Flip It Upside Down
A few years ago, when I was teaching high school, I went into the art classroom one day with a question for the art teacher. I waited off to the side as she worked with a student who was frustrated about a part of her painting that just didn’t seem to be coming together for her. After talking it over for a few moments, the teacher lifted the canvas from the easel, flipped it end for end, and put it back down so that the image was now upside down. They studied it together for a moment, and suddenly, the student’s frown disappeared, and she said “I’ve got it.” She picked up her brush, and returned to her work with a new intensity.
I was astounded. How on earth did that make a difference? “She’s been standing in front of that painting for three weeks,” her teacher explained. “It’s so familiar to her that she’s stuck in the way she sees it and thinks about it. But as soon as it was flipped upside down, she knew exactly what to do because she saw it in a new way.”
What does this have to do with the gospel for Ascension Sunday (Mt 28.16-20)? For many of us, we’ve heard this gospel so often that sometimes we get stuck in the way we think about it, too. So, what happens if we try the same approach and flip it on its head, reading it from the end?
When we do, we the first thing we hear is the promise that Jesus is with us, always. This kind of changes the tone of things, doesn’t it? Instead of a list of tasks with a parting “Don’t worry, you’ve got this,” at the end, everything the disciples are asked to do begins with Jesus. As it should be. As Christian disciples, Jesus isn’t an afterthought. He’s the reason for what they do in the first place.
Neat, huh? Let’s keep reading.
Then the disciples are called to teach people. Teach them about what? About love, peace, patience, gentleness, mercy, compassion, generosity, and about the Kingdom of God, where these qualities are woven into its very ethos. They’re called to teach others about acting justly, about reaching out to the marginalized, about caring for the poor and the voiceless, about giving their time, talents, and treasure to the building of that Kingdom. And they’re to teach about Jesus, the King himself, who lived those very same qualities and died for doing those very same things.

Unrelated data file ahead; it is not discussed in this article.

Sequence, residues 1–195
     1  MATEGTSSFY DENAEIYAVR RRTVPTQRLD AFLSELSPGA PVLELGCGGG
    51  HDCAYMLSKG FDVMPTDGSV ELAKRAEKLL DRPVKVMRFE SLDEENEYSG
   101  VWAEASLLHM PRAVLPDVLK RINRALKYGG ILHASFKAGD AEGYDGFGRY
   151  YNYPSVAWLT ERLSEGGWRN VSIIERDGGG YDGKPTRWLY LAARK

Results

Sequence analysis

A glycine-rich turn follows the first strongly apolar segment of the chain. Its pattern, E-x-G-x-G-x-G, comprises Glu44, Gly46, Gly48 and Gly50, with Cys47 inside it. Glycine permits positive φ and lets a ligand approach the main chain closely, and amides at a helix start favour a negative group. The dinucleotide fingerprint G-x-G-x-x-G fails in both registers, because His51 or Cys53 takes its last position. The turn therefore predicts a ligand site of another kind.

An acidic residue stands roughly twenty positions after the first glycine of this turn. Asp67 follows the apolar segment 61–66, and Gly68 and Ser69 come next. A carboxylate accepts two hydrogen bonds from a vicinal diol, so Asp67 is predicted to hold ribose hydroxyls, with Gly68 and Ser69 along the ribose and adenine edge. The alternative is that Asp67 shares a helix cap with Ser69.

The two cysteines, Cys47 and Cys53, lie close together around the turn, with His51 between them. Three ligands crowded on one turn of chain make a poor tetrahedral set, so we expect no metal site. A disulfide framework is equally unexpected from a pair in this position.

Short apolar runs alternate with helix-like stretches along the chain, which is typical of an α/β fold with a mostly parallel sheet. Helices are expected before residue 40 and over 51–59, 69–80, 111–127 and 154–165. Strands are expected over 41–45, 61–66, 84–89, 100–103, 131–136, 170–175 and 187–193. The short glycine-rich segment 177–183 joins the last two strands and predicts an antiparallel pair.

They’re called to baptize people. They are called to receive others into the Body of Christ, the ruler of that same Kingdom, who leads by example. They’re called to accept every person into the very heart of the family, to embrace and welcome them in such a way that every last one of them knows, deep down, that they are a beloved child of God.
They’re called to make disciples. The disciples’ own relationship with Jesus, their identity as God’s children, the indwelling of the Holy Spirit that will come to them on Pentecost will give them not only the motivation but the very capability of inspiring others to follow Jesus Christ. Welcome them in, and give them every reason to stay and get excited, themselves. Disciples make disciples.
And they’re told to GO. They can’t teach people, baptize them, and make them disciples out of them if they stay put. This calling from Jesus, this vocation, means that they have to follow his example by being – and bringing – the Good News to everyone. Everyone. To the people who are considered unwelcome in the community. To the disinterested. To those who have been failed by others. To those who have failed others, themselves. Not a single person gets left out. Not one.
But the best part about reading this story backward is that it paints, very clearly, a picture of our own vocations. You see, at the very beginning of the scripture passage, it says “the eleven disciples went to Galilee…” But if you keep reading further backwards in this gospel, you’ll find that there are usually twelve disciples mentioned. That means there is a space for us in this calling. We’ve been given the same job: teach, baptize, make disciples, and do it by going out to the world. Because we, ourselves, are the twelfth disciple.
Sometimes, the best sources of clarity and insight come from a painting that gets flipped upside down.
By Darcie Lich
Vocation Team – Oblate Associate